Trump calls off Chicago rally following violent clashes

Trump calls off Chicago rally following violent clashes

Following protests against the Republican presidential front-runner which eventually led to violent clashes, Donald Trump has called off a rally in Chicago.

Protesters gathered in large numbers outside the venue at the University of Illinois hours before Mr Trump was due.

Inside the auditorium, fighting broke out between supporters and protesters, who waved flags and chanted.

A statement from Mr Trump’s campaign said the candidate decided to postpone the event after meeting with police, as reported by BBC.

But a Chicago Police Department spokesman said the force was not consulted in the decision to postpone the rally.

There were several violent clashes, some sparked by Trump supporters attempting to wrestle flags from protesters. Police attempted to control the large crowds outside the venue as well, as observed in helicopter footage. One protester had to be physically removed from the stage by what appeared to be a Secret Service agent.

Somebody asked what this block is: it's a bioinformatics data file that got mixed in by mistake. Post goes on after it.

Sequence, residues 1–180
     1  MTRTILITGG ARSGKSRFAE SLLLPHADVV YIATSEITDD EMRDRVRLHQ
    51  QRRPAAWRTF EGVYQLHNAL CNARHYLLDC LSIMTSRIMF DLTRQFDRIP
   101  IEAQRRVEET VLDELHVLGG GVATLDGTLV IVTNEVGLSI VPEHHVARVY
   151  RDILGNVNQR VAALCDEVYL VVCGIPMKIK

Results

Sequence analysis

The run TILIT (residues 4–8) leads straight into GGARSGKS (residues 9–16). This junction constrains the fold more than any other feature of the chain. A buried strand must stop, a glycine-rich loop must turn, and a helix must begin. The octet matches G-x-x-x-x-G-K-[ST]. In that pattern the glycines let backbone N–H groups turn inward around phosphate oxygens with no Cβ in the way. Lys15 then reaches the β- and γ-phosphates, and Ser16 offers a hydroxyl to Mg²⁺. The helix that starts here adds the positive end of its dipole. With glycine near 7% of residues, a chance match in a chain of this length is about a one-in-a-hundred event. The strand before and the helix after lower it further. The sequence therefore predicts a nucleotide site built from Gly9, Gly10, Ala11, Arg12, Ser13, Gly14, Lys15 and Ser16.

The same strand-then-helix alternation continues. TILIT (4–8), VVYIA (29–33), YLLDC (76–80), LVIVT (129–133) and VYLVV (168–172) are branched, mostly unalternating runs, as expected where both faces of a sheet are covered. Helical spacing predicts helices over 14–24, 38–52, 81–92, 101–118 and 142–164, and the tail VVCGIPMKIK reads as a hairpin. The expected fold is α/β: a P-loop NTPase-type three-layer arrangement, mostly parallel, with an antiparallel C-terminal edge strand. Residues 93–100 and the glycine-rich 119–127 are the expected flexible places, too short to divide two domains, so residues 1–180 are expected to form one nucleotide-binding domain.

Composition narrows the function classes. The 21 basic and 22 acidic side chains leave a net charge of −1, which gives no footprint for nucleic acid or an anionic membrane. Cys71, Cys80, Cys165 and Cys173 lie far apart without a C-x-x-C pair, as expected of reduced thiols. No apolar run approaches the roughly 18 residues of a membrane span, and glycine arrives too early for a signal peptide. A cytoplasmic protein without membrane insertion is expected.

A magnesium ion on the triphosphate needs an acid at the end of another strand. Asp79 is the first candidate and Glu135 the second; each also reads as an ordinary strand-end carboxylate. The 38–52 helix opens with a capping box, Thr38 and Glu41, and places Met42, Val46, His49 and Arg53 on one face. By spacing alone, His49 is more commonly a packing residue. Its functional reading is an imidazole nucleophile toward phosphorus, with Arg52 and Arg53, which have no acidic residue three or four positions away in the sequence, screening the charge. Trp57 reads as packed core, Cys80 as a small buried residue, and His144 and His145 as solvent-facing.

Speaking to Fox News after the events, Mr Trump denied using hate speech or playing any part in fostering division.

“I represent a large group of people that have a lot of anger,” he said. “There is tremendous anger out there on both sides.”

Talking about the decision to cancel the rally, he said: “I think it was a very good thing we did, I think it was an intelligent decision.”

Staff at the university had earlier petitioned administrators to cancel the rally, citing concerns it would create a “hostile and physically dangerous environment” for students.

Earlier on Friday, 32 people were arrested after protests at a rally held by Mr Trump rally in St Louis, Missouri.

Mr Trump was repeatedly interrupted by the protesters, who he called a “disgrace”.
These latest clashes come just a day after a Trump supporter was charged with assault after multiple videos showed him punching a protester at a campaign rally in North Carolina.

Mr Trump later said that the supporter’s actions were “appropriate”.